Carmela Weiss’s exhibition ‘White Raven’.
(photo credit: PR)
Although she claims to be a disorganized person, Carmela Weiss runs her art studio with a keen and unusual sense of order. Paintings lie neatly stacked against one wall, an antique armchair stands sedately beside a coffee table, and 20-yearold tubes of paint lie side by side, color coded, in tidy baskets. On the far wall from the studio’s antique wooden door, a blank white page is tacked to the wall.
“Do you know how long that will be blank?” laughs Weiss. “For a very, very long time.”
Weiss hurries over to the kitchen to make a pot of jasmine tea, apologizing for what she regards as a mess. Youthful and exuberant, the bespectacled painter points out a series of portraits. In each, a gorilla is carefully depicted.
“Those weren’t part of any exhibition,” she explains. “I did them as research. I had to get to know the monkeys, to feel who they were, so I painted them. That way, I got to know each of them.”
The gorillas were a recurring theme in Weiss’s 2014 show “Like Water in Water.” To define the world in which they lived, Weiss tracked the monkeys to their imaginary village, creating detailed landscapes in her painting.
“An incredible thing about that show was that people asked me where the village was, where I had found it, as if it was a real thing. And it was something that I created,” she says.
Weiss’s current art exhibition, “White Raven,” opened last month and will run through late February at south Tel Aviv’s P8 Contemporary Art Gallery. Along the stark white walls of the space, Weiss has hung 18 pieces. The show was inspired by a journey into the stories of the Bible.
“I come from a place of no faith. I’m not for it or against it. I find the world of believers and religion fascinating. I wonder what it feels like to believe. I’m an artist, I draw, so all my questions come out that way,” Weiss explains.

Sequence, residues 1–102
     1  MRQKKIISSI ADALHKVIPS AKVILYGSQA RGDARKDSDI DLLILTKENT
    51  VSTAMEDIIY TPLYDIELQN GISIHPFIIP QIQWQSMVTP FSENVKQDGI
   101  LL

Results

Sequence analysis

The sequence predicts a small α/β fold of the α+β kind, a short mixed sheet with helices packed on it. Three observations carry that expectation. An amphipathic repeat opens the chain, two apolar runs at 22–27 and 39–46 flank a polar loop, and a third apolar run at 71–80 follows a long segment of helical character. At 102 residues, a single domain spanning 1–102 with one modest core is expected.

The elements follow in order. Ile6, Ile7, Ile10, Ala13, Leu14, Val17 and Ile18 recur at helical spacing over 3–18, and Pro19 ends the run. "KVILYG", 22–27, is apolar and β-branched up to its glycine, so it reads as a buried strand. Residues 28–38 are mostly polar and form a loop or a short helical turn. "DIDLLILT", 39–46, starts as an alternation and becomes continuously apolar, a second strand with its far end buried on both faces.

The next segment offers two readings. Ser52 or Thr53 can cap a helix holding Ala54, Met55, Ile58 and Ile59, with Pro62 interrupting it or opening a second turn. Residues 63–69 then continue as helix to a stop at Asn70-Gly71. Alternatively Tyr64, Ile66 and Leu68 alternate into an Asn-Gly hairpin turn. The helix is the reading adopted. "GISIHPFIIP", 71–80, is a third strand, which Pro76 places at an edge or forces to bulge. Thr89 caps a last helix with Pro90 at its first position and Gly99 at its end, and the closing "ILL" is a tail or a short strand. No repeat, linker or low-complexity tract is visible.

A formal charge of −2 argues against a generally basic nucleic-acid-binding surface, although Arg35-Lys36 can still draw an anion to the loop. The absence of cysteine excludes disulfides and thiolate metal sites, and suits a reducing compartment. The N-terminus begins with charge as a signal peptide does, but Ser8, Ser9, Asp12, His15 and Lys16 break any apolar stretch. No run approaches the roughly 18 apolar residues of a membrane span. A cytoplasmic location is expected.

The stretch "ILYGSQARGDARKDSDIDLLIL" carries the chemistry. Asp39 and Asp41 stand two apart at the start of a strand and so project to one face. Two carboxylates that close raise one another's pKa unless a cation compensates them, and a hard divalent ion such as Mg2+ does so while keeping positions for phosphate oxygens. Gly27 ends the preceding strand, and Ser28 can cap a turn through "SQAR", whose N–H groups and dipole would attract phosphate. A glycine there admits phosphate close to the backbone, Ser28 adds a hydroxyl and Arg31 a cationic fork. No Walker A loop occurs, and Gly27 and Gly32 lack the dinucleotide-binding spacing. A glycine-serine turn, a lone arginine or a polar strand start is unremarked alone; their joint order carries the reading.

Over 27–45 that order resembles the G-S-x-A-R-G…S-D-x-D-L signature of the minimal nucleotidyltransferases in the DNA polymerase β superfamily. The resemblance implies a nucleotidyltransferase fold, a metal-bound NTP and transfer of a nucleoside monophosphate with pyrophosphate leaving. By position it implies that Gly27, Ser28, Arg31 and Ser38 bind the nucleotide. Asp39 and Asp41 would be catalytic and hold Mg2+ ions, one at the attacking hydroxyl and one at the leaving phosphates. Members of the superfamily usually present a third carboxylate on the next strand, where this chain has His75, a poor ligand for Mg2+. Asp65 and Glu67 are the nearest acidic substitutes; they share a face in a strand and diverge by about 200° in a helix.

“I was in the flea market and found an antique Bible. I picked it up and started reading it,” she recounts.
Weiss could not locate the exact Bible she spoke of, a source of great frustration for her, but went on to thumb through five additional Bibles she had picked up in the following months.
“Through reading, I came upon these interesting stories, words and moments. For example, how did Adam and Eve know what to do with Hevel’s body?” she continues.
Weiss goes on to explain that she went on a quest for answers to these questions, many of which are depicted in her paintings and collages. Most of the paintings are done on paper as opposed to canvas.
“Why paper?” Weiss asks. “The answer is that I found very good paper. It’s very nice to draw on paper. It is completely different from fabric.”
At the edges of the space hangs a series of images that have been printed on stone.
“Stone, how can I explain it? I didn’t know that I wanted to do this, and then one day the idea of printing on stone popped into my mind and I had to do it,” she says.
In one image, which Weiss feels is the center of the show, a woman is bathing in a pool as five shirtless men stand in front of her.
“This was the milestone of the exhibition. I wanted to reverse the story, in which the man selects a woman from a group. Here, she is the one who chooses from them,” she explains.
This play on biblical stories delights Weiss.
“I have a lot of inside jokes with myself in these paintings. They don’t interest anyone but me,” she admits.Carmela Weiss’s exhibition ‘White Raven’ is on display until February 26 at P8 Contemporary Art Gallery, 1 Hapatish Street, Tel Aviv. For more information: www.p8gallery.net
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